“The most recent pulse from April shows that the world energy system is no longer fit for purpose,” Wilkinson told CNBC’s “Squawk Box Asia” Wednesday, in reference to the findings from her organization’s Energy Pulse reports which offer snapshots of trends across the energy ecosystem.
The council’s most recent report forecasts that around half of the global energy system will still not be electrified by 2050, which would mark a blow to many governments’ net-zero pledges.
“The concern from most energy leaders is [that] the pace of change is too slow to keep us on track for the Paris Agreement,” she continued. The report cited 64% of global energy leaders sharing their concerns.
The world’s governments agreed in the 2015 Paris climate accord to limit global heating to well below 2 degrees Celsius, compared to pre-industrial levels, and pursue efforts to limit the temperature rise to 1.5 degrees Celsius.
The slow pace of the planned energy transition could be attributed to stresses on energy capacities and security even before the coronavirus pandemic, Wilkinson said.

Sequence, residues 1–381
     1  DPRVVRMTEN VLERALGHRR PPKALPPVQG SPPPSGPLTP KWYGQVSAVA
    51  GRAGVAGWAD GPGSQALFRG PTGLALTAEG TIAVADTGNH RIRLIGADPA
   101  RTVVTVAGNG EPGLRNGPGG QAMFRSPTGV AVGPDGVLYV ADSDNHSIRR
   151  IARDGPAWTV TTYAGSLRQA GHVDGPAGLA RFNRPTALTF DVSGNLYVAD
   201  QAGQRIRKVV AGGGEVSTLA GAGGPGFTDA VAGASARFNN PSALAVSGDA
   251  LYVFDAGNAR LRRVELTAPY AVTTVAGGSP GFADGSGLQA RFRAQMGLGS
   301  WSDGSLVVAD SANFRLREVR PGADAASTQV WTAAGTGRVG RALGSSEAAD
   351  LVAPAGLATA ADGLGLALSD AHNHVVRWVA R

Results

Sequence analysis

Following the onset of the Covid-19 pandemic, global energy markets have also been impacted by a series of setbacks: Russia’s invasion of Ukraine, Europe’s decision to decouple from Russian hydrocarbons and a looming global recession. Which has caused energy markets, and the global system, to tread a fine balance.
“We are trying to grow [and] build a double size energy system to meet demand, [and] at the same time, decarbonize the energy system faster than ever before,” Wilkinson told CNBC.
Taxes an impossible feat?
The planned journey to net zero has been underpinned by a variety of toolkits aimed at shifting energy mixes away from fossil fuels toward zero or low-emissions energy sources. One approach is the adoption of carbon taxes, which is a fee levied on greenhouse gas emitters for each ton of carbon they emit.
Forty-six countries are pricing emissions by means of carbon taxes or other emissions trading programs, according to data last year from the International Monetary Fund.
“A global carbon tax would just be impossible to administer,” Wilkinson said. “There’s no such thing as a true market price of energy, or a true market price of carbon, because you’ve got subsidies, you’ve got regulations, you’ve got very uneven economies and playing fields.”
The importance of the tax lies in its price signaling mechanism for both investors and consumers, she added. “There is a cost of carbon that needs to be borne by societies … so the signal’s important.”